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Quantitative Risk Assessment of Coastal Erosion in the Caribbean Region

Villarroel-Lamb, Deborah

Deborah Villarroel-Lamb

Natural Hazards Review




risk managementerosionshoreline protectionnumerical analysiscoastal managementcase studiesbeachescoastal processes


Operational coastal management and planning requires predictions in the short-, medium- and long-term of shoreline changes. In the Caribbean, medium- to long-term beach morphology predictions are not readily available and this deficiency has imposed severe limitations on the extent of planning that can be accomplished for beaches. Most importantly, the beaches in the Caribbean are associated with other key characteristics that serve as hindrances to generating meaningful medium- to long-term morphological predictions. This research paper demonstrates, by means of a hypothetical case study, how the results of a long-term process-based numerical model can be applied to perform a quantitative risk assessment for the coastal erosion hazard on Caribbean beaches. Beach responses were collated to produce a probability distribution of likely shoreline positions at the end of a simulated time period. Economic losses were investigated where the quantification of the vulnerability of the existing features on the coastline were estimated. Nonetheless, the results did indicate that for the planning of Caribbean beaches, this model can be used as part of a preliminary or detailed risk assessment.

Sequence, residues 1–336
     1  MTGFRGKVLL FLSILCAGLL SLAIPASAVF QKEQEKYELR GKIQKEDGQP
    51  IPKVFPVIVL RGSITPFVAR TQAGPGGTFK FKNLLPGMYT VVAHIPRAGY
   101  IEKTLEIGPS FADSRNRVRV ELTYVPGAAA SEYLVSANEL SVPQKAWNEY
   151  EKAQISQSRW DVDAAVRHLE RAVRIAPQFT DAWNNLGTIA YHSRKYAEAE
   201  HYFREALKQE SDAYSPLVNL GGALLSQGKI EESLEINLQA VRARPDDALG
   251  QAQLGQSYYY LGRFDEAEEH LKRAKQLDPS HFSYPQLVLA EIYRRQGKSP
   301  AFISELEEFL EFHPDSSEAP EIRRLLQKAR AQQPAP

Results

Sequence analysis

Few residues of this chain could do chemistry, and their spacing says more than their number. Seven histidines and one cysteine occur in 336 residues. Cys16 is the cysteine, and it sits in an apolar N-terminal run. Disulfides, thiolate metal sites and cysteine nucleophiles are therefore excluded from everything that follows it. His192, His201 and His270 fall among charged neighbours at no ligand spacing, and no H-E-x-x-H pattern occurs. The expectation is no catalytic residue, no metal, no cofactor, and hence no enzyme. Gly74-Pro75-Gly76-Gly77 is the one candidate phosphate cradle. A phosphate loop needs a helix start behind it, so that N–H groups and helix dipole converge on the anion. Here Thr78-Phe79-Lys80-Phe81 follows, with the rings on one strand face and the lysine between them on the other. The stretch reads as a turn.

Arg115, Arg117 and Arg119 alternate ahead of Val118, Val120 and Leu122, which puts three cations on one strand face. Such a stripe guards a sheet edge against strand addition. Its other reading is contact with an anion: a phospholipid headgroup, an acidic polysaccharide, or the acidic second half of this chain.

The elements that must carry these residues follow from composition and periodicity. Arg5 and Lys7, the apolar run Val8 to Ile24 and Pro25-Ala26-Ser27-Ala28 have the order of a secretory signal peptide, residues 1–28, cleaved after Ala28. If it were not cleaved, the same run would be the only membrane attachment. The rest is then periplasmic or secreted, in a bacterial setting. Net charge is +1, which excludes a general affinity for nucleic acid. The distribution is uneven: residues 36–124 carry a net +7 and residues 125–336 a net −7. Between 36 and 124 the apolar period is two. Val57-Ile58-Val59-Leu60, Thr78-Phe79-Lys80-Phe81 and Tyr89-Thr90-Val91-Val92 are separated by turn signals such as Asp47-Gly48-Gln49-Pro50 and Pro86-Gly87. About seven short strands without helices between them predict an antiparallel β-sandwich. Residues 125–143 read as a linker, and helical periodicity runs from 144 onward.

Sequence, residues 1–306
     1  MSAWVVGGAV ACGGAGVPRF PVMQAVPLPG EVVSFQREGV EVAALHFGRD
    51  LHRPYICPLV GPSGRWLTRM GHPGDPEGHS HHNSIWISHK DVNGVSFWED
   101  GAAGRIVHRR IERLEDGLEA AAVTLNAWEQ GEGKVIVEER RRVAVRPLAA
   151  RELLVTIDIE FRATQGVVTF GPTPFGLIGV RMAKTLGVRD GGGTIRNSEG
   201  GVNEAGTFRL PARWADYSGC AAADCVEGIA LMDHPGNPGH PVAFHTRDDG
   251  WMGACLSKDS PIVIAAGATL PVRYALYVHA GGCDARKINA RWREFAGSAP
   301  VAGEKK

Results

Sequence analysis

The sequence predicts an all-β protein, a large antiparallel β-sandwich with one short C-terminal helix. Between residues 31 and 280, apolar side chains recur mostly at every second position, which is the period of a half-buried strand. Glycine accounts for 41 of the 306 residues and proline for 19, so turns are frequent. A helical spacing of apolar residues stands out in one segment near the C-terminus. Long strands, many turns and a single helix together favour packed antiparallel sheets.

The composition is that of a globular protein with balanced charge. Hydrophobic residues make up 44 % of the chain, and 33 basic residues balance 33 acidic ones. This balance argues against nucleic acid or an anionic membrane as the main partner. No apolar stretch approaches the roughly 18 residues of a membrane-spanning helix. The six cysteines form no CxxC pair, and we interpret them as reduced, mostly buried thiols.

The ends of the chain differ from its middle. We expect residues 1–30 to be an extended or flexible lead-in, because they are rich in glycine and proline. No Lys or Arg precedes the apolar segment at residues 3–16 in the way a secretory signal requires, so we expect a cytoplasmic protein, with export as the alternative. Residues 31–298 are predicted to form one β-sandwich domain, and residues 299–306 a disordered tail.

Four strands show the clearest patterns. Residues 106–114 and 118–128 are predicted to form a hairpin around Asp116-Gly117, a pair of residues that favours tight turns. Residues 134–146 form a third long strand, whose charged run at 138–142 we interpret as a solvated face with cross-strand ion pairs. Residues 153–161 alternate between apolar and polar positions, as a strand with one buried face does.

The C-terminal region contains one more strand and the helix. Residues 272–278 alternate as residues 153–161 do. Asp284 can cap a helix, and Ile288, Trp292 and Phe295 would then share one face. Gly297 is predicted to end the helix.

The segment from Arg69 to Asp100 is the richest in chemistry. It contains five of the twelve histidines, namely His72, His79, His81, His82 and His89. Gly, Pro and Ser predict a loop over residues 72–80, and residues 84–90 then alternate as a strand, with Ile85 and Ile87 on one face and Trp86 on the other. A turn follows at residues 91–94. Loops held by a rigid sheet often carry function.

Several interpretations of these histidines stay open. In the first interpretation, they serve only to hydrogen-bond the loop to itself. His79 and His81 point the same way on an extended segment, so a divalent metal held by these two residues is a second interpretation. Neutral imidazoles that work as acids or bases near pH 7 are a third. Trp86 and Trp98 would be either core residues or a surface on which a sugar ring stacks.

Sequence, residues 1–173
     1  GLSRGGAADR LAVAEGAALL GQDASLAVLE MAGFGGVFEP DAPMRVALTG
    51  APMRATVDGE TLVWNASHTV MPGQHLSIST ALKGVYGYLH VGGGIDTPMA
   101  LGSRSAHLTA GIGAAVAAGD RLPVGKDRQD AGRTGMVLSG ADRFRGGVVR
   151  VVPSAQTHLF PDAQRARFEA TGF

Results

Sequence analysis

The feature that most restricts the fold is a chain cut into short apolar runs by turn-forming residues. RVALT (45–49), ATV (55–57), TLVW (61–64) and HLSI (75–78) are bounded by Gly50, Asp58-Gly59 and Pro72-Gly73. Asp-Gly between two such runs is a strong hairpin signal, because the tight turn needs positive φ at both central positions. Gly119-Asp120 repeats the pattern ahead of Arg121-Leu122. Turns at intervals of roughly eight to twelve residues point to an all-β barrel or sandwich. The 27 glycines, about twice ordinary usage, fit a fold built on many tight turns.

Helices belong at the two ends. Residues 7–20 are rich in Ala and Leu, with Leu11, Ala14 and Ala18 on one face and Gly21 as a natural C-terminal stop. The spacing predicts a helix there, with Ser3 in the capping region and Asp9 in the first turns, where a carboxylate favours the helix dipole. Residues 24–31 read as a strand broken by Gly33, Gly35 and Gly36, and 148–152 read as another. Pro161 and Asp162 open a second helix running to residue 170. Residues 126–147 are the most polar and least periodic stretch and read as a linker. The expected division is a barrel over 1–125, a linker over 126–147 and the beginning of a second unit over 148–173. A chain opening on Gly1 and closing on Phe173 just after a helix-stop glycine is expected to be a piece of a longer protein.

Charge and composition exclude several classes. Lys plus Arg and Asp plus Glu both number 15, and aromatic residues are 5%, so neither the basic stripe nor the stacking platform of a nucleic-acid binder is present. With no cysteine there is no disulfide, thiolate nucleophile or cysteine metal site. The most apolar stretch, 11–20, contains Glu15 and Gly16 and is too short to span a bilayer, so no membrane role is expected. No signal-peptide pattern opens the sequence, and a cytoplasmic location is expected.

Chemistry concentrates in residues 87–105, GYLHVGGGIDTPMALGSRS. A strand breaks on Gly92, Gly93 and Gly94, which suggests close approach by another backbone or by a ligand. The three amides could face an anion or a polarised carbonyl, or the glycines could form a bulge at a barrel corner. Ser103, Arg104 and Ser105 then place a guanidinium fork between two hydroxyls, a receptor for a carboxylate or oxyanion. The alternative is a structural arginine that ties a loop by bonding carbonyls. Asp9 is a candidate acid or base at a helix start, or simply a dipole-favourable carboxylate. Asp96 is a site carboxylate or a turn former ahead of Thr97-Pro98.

American Society of Civil Engineers


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